I like plants. I always have. I enjoy the idea of growth and potential and nurturance and all the things that plants can represent for us. I’ve had plants in every home I’ve lived in; in every classroom I’ve taught in. I started a veggie garden with my most vulnerable students. I’d send those students off with propagated mint when they graduated so they could continue to see growth – in nature and in themselves.
The other day, a neighbour asked me just how many houseplants I might have and I really had no idea. So I took a quick count. 42. I have 42 houseplants and I love them all.
Recently, I’ve been noticing a leaf turning lighter and lighter and yesterday morning, I saw this brown and yellow leaf – clearly dying. I was upset. I was pretty sure I was killing it – that somehow I had neglected it or done the wrong thing – overwatered it or underwatered it or that our house just wasn’t the right place for it.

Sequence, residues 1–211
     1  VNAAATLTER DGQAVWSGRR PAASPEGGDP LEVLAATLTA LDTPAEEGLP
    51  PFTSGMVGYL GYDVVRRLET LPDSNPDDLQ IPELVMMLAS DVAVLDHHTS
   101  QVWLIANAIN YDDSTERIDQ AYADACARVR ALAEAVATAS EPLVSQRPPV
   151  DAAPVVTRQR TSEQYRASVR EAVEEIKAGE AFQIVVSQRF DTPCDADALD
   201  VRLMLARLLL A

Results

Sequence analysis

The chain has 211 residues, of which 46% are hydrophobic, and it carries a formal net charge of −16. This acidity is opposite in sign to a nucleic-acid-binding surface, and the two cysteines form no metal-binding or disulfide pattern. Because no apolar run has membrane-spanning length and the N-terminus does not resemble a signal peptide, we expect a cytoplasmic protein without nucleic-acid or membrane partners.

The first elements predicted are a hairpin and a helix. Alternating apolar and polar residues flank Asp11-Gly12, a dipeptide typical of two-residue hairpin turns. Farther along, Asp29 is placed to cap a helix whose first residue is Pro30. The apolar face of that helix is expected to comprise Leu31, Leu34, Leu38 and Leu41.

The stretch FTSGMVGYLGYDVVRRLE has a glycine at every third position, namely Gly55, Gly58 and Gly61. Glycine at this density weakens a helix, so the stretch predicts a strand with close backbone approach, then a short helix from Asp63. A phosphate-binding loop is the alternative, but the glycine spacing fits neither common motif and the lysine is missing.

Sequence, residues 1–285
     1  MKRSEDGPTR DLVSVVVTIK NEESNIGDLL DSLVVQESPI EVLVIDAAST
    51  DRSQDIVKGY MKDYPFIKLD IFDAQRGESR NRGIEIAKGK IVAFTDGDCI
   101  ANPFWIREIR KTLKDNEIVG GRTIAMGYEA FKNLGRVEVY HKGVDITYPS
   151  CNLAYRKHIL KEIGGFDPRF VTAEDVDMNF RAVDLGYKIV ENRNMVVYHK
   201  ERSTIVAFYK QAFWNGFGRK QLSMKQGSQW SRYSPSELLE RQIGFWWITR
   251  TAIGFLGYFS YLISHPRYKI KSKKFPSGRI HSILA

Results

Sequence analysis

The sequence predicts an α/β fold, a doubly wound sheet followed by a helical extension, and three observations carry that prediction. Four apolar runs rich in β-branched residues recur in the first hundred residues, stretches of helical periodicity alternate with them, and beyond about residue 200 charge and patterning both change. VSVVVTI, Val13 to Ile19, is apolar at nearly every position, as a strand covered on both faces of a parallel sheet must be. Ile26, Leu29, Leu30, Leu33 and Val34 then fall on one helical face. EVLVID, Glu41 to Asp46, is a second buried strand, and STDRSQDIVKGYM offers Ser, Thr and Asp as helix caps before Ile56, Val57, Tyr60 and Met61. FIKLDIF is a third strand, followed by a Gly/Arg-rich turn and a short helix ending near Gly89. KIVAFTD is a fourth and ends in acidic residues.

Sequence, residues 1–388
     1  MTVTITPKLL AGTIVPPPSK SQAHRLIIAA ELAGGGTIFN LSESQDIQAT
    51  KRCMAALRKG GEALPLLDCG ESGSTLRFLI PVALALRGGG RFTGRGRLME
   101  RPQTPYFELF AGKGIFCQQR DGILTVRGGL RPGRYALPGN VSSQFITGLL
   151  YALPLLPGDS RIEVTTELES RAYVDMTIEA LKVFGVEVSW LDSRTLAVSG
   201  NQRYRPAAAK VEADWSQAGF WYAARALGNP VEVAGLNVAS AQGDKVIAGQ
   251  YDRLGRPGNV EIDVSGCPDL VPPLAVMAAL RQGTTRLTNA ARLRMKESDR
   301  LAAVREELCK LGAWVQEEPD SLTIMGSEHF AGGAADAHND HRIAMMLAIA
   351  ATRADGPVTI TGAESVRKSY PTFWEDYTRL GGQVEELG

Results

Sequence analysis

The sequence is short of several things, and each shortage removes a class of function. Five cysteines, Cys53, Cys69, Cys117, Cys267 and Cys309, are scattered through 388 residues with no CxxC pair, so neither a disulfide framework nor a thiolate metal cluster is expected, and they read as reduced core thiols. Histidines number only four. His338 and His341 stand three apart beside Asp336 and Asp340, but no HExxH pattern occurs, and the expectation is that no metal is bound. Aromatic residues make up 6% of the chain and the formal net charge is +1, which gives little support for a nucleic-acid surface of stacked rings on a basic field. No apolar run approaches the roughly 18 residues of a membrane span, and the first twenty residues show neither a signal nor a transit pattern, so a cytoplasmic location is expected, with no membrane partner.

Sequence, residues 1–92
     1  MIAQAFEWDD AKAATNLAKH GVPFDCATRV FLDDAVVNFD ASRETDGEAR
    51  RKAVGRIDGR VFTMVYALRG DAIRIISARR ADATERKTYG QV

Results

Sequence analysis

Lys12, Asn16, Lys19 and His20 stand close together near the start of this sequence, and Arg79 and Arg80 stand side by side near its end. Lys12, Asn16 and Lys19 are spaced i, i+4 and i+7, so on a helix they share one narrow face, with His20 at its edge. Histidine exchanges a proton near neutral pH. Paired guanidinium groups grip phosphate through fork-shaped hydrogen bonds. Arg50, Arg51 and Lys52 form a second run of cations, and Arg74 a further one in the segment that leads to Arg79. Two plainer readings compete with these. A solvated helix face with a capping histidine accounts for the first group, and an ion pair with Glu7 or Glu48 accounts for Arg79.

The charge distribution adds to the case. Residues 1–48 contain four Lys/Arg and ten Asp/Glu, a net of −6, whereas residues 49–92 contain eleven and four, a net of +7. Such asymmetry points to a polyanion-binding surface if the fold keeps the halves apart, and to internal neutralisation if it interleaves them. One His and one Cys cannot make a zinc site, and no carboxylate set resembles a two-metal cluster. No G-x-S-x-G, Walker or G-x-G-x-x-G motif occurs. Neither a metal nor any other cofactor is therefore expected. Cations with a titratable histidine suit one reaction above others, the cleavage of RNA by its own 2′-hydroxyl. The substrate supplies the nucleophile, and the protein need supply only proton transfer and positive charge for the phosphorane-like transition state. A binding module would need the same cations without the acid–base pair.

But as I inspected it more closely, I saw why the outer leaf was falling away. New growth. There’s a beautifully fragile new leaf growing up in this plant’s centre and all its precious resources are going into this growth. The outer leaf falling away is making room for the new. It’s a long-haul project, not short-term.
Growth can sometimes appear to be loss – and sometimes we do in fact lose something. But there is beauty in this process. And it’s not always something that you’ve done wrong or something you haven’t done at all. Sometimes growth is inevitable – in spite of you.
And sometimes we become of this growth simply by shifting our perspective, even just a touch.